There are two idealized visions of the role of women in the Old West. One is captured in a statue in Albuquerque called “Madonna of the Trail” and placed there and in 11 other states by the Daughters of the American Revolution in the late 1920s. They depict women who supported their husbands and fathers, who made homes for their men, raised their children, nourished and comforted them.
The other vision is of tough, independent women, many living without men or even families of their own. They ran ranches and created businesses, wrote books and painted pictures. They ran government agencies and private institutions. They campaigned for women’s suffrage and equal rights. They educated the next generation and saved villages from forest fires.
These are the kind of women described in “True Stories of Frontier Women: 1860 to the Present,” a new book by Dixie Boyle of Mountainair, who has written several books overlooking the past from her towering lookout atop the Cibola National Forest fire tower on Capilla Peak in the Manzano Mountains. Perhaps her view of thousands of acres of forests and plains, with wild animals her most intimate neighbors, has given her a special perspective on where women have come from and how they made the journey.
The book’s dedication and opening chapter are devoted to the late Dorothy Cole of Mountainair, who lived the region’s history as the daughter of pinto bean farmers and who helped salvage and interpret much of the region’s salient information as the informal “historian of Mountainair.”
“I do not want the history to be forgotten,” Cole said before her death in March. “The way to truly preserve history is to keep telling it, writing about it, and sharing it.” That is also Boyle’s mission.
Boyle especially celebrates women pioneers motivated by “a desire for independence, a thirst for adventure and a break from the Victorian mores of their era.” As well as other perhaps less noble but equally intriguing women wanting “to hide from their pasts or with hopes of making a quick fortune.”
Outnumbered 25-1 or sometimes more by their male counterparts, women in the Old West had to be
“as tough as their men,” Boyle writes, as they sought “unconventional opportunities” denied to their Victorian relatives in the East. Some were rodeo stars, saloon operators, madams or prostitutes, but they were “judged on their own merits and not those of their husbands, fathers or brothers.”
Boyle herself could have been a subject for her book. Her mother and grandmother moved to Mexico during the Great Depression. Boyle grew up on a ranch, worked as education director of the Adams Museum in Deadwood, S.D. and lived in the Black Hills of Wyoming before working at a fire lookout in the Manzano Mountains.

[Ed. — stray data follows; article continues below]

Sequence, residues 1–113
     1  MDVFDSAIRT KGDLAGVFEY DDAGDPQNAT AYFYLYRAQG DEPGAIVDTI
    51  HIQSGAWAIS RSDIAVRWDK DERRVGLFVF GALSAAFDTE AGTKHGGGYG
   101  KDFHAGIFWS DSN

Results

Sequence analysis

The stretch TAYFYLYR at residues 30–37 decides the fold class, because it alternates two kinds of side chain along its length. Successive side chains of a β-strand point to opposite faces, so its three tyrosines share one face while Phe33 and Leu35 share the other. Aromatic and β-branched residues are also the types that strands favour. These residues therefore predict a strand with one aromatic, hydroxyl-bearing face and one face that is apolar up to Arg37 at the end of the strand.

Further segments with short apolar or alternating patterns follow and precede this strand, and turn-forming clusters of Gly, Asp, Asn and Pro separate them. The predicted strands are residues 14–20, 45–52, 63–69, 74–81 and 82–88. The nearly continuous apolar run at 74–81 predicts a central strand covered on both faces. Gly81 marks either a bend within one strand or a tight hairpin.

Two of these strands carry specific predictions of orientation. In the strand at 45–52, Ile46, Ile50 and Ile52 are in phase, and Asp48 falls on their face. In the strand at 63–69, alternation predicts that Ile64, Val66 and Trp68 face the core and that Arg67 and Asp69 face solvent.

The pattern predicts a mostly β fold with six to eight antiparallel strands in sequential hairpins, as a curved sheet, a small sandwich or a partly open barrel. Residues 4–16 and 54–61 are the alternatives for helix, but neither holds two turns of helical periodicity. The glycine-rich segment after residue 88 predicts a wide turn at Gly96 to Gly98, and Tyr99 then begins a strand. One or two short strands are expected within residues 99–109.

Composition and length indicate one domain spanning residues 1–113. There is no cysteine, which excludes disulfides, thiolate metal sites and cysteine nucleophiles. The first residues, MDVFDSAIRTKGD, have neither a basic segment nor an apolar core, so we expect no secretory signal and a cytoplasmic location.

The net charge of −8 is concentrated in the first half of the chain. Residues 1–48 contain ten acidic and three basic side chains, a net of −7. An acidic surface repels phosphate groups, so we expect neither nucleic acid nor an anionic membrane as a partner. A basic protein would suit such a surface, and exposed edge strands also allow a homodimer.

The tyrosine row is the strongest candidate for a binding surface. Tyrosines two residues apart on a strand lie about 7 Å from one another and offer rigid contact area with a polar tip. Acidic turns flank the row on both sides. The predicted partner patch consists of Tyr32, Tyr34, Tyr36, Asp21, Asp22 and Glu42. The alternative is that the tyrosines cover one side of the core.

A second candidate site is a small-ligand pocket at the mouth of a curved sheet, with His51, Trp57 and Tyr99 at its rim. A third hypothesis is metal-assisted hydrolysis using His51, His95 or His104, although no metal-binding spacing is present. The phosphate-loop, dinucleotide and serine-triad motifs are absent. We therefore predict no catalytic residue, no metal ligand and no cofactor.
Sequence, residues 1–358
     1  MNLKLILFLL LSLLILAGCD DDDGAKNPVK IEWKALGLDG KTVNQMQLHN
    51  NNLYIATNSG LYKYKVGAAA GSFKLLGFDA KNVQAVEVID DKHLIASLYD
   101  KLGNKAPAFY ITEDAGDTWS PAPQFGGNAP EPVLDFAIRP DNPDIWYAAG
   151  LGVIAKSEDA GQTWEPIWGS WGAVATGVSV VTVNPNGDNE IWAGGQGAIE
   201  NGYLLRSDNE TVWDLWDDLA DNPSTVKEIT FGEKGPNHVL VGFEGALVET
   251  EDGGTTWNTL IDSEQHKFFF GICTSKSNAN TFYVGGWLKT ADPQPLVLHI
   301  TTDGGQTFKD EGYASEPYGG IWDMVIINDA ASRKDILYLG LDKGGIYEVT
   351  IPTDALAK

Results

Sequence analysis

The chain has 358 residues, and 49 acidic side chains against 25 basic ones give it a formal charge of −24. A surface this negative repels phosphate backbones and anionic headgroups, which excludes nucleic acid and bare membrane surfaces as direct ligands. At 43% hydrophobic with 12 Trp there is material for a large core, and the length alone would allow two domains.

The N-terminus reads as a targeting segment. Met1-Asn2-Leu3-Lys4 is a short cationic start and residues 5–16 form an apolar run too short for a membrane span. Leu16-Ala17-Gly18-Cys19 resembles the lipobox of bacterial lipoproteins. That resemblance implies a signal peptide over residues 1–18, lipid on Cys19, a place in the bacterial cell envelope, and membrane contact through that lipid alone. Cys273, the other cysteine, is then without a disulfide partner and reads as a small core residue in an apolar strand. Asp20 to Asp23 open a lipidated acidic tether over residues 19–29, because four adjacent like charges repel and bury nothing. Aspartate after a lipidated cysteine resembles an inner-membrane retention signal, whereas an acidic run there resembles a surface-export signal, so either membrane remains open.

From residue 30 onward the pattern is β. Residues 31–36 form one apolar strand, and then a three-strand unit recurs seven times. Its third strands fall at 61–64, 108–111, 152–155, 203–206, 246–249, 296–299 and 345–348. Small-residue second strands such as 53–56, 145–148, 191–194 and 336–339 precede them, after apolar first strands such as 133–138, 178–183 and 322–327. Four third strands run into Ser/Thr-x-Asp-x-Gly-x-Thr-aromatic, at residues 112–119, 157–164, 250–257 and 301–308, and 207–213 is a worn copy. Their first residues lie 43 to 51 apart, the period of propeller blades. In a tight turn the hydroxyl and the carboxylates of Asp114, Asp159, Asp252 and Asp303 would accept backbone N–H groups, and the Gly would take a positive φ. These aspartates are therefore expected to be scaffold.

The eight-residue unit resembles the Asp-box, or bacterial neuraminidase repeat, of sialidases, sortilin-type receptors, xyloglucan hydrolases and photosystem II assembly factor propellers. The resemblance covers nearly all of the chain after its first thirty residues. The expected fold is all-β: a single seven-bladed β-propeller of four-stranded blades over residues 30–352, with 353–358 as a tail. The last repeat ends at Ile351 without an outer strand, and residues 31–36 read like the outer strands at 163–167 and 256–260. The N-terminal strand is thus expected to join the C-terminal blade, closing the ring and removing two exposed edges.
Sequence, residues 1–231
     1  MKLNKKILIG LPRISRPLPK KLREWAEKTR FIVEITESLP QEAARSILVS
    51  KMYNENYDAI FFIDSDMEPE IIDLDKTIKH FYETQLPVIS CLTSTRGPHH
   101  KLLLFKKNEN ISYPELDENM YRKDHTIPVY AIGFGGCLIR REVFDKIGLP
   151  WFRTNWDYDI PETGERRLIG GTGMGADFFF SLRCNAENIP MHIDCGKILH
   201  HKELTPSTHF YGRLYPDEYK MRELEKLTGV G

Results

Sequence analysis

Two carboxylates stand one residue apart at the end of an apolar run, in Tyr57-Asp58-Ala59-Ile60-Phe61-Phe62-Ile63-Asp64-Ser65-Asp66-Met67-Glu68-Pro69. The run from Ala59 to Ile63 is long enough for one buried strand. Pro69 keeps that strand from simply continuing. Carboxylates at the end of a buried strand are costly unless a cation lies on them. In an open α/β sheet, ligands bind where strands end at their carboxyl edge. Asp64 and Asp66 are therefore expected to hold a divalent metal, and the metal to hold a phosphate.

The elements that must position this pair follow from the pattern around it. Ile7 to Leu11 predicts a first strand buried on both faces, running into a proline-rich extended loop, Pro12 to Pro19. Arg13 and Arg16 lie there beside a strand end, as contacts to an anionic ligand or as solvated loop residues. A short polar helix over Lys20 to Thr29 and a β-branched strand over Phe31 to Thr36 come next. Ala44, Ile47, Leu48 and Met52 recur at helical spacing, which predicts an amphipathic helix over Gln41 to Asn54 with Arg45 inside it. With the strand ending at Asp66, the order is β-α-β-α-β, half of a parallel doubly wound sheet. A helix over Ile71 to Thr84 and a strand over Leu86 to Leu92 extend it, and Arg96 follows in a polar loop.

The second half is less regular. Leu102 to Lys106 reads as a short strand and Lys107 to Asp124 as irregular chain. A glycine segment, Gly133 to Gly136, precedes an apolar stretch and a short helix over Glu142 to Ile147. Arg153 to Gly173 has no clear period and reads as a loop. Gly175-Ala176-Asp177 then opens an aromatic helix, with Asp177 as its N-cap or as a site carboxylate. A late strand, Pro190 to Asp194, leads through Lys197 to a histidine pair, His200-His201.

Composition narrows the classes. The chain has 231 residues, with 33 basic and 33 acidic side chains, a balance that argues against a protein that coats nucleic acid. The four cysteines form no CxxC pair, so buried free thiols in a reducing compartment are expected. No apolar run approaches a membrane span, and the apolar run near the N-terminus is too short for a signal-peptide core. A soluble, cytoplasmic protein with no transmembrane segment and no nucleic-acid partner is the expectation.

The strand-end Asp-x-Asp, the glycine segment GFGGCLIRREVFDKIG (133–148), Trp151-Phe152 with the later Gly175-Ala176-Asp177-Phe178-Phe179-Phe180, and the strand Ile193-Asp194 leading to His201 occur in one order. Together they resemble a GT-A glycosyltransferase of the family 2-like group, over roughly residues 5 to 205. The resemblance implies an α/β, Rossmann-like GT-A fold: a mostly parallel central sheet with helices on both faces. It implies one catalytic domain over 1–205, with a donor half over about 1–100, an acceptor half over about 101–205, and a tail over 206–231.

Although women had to struggle harder and suffer more in the Old West, Boyle looks back on the frontier days with nostalgia. “Many times throughout my life” she writes, “I have felt I was born at least a hundred years too late.”
Perhaps the difference between the old days of women pressured to play subordinate roles to men and modern times with their march toward equality is less than it seems.
Here is the conclusion of the New Mexico section of a national report written only last year and titled “Status of Women in the States 2015”:
“Women in New Mexico have made considerable advances in recent years but still face inequities that often prevent them from reaching their full potential. Since the 2004 “Status of Women in the States” report was published, the gender wage gap in New Mexico has narrowed, a higher percentage of women have bachelor’s degrees, and women are more likely to work in managerial or professional occupations. Yet, as in all other states, women in New Mexico are less likely than men to be in the labor force and more likely to live in poverty. Women also continue to be underrepresented in the state legislature.”
In most categories New Mexico ranked no better than mid-level among the 50 states and received grades of between C and D. If current trends continue, the report states, women’s pay in New Mexico will equal that of men—in 2056.
Boyle will have a book signing and lecture Dec. 3 at the Quilt Show sponsored by the Manzano Mountain Art Council at the council’s building on Broadway in Mountainair. The 3:30 p.m. lecture will be preceded by a reception and book signing starting at 1 p.m.
Leota started working for The Independent in 2006, working her way up through the ranks. An employee buyout in 2010 led to her ownership of the newspaper. Leota has served on the board of the N.M. Press Association, and is currently its First Vice President. She is passionate about health and wellness, especially mental health, and loves making art. She can be reached at firstname.lastname@example.org.